English Composition 2
Diagnostic Paragraph: Frost's "Mending Wall"
End of the class period, Friday, January 13
The Diagnostic Paragraph: Purpose and Expectations
The diagnostic paragraph allows me to offer you some feedback on your writing at the beginning of the course. The paragraph will not receive a grade and does not count toward your final course grade, but I will collect and evaluate your paragraph just as I will evaluate the essays you submit for the course, giving you suggestions that you can apply to your essays.
Because you do not have a lot of time to work on this paragraph, I don't expect any literary masterpieces, but I will be looking for the basics:
- a clear topic sentence at the beginning of the paragraph that identifies the subject and presents the main claim to be argued in the rest of the paragraph,
- a paragraph well focused on proving just one main point,
- ideas developed and supported with plenty of specific details,
- a clear presentation of your ideas,
- sentences free or almost free from errors,
- quotations logically and grammatically integrated into your own sentences, and
- at least 250 words.
Don't worry if these expectations sound intimidating; just do the best job you can in the short time you have to write the paragraph. Throughout the semester, we will discuss a lot of information about strengthening your writing.
In Robert Frost's "Mending Wall" (pages 593-594 or web page), the speaker shares his thoughts concerning a wall that stands between his property and his neighbor's property.
In one paragraph, argue that the speaker of Robert Frost's "Mending Wall"
- prefers that the wall remain between his property and his neighbor's property, or
- prefers that a wall not remain between his property and his neighbor's property, or
- seems unsure of how he feels about the wall between his property and his neighbor's property.
You can assume that your audience has already read "Mending Wall" but has not analyzed or studied it, so you should not just summarize the poem. Instead, focus on arguing one of the interpretations above with specific evidence from the poem.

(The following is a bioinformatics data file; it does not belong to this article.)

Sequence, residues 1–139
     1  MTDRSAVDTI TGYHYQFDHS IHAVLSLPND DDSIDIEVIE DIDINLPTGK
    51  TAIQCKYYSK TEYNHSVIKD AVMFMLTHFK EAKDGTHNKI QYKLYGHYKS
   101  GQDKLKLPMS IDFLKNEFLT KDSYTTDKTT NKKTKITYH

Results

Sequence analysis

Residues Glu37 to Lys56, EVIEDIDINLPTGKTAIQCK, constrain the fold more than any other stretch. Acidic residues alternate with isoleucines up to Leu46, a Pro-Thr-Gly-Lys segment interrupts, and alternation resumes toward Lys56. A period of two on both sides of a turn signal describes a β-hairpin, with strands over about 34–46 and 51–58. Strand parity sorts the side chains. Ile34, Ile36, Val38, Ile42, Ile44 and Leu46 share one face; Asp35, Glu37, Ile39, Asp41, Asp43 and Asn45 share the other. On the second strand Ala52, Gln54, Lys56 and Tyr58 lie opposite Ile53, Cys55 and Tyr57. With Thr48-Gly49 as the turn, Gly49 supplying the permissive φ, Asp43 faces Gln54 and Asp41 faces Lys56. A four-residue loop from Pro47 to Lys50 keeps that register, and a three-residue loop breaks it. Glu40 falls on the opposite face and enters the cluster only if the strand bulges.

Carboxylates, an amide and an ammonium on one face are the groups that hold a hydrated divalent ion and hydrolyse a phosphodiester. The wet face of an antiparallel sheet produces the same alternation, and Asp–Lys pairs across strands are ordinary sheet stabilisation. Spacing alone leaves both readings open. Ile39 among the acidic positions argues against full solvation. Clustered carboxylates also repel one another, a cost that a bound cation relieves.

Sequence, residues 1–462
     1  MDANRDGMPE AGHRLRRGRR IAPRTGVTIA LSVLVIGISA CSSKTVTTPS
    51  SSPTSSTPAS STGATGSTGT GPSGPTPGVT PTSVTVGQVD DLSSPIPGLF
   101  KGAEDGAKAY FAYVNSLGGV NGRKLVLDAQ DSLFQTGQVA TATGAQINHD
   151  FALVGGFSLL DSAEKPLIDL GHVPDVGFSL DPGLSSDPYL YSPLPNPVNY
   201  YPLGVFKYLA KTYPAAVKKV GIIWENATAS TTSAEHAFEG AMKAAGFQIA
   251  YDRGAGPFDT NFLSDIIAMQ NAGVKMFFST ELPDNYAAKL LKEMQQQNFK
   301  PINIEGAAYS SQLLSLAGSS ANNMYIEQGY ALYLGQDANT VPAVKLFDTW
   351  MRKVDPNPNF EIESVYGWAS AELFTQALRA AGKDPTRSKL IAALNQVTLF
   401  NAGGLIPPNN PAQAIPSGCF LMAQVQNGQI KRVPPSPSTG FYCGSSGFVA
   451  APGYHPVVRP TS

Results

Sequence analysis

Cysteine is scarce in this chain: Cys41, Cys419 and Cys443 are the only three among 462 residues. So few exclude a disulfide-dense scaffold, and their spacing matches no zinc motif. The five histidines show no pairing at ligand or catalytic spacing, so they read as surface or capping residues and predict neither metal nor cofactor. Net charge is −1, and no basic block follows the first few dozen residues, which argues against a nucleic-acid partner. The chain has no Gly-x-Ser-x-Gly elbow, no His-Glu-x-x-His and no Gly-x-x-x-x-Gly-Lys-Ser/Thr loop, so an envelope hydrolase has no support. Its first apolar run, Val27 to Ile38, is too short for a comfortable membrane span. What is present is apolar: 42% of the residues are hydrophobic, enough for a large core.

Organizing and Developing Your Paragraph
You should begin the paragraph with a topic sentence that identifies your subject (Robert Frost's "Mending Wall") and that clearly states the main claim that you are going to argue in the paragraph. In the rest of the paragraph, you should stay focused on supporting and developing the claim presented in the topic sentence. Make sure to use specific evidence from the poem, including quotations, to support and develop your interpretation.
Success in the course depends much on how well you are able to understand information presented in class and how well you apply this information to your writing. To help give me a sense of how well everyone is understanding and applying the information presented thus far, I will give special attention to the following aspects of your paragraph explained below:
- The diagnostic essay should be written in a formal writing voice. Among other things, this means that you should avoid first-person references (the use of "I," "me," "my," etc.), so you should not use phrases such as "I think that," "I believe that," or "in my opinion." Readers will know that the ideas you present in your essay are your own because you are the writer of the essay, so, as you write and revise your essay, you should delete any first-person references.
- As you will see when we get to the section of the textbook on poetry, when you refer to the person who is speaking the words of a poem, you should refer to "the speaker," not to the poet. Robert Frost created the speaker to speak the lines of "Mending Wall," and it's usually a mistake to assume that the speaker and the poet are the same person.
- You will need to use quotations from the poem to help you support and develop your ideas, and every quotation should be integrated into one of your own sentences. In other words, you should make every quotation a part of one of your own sentences and should not have any quotation standing all by itself in your paper. You could simply put the speaker says (followed by a comma) before some quotations to make the quotations a part of your own sentences. There are other ways to integrate quotations into your own sentences that we will discuss in class.
- All quotations should be copied accurately, and you should avoid the use of long quotations. Instead, use short, well-integrated quotations. When you use quoted words, cite the line number or numbers for the quotation at the end of the sentence, "like this" (23). Note the placement of the period and the space between the last quotation mark and the first parenthesis. Also, remember what we discuss in class about using a slash (/) to indicate a line break in quotations of poetry.
The diagnostic paragraph gives me a sense of how well you understand the basics of Standard English usage, so make sure to proofread carefully to avoid and eliminate errors.
Preparing Your Paragraph
You should prepare your paragraph in Word and save your file to a thumb drive or to your network drive. As you are writing your paragraph, click "save" frequently.
Your paragraph should be double spaced. The following information should appear, double spaced, in the upper left of the first page of your paper:
13 January 2012
You do not need to give a title to your paragraph. When you are finished, print your paragraph and turn it in.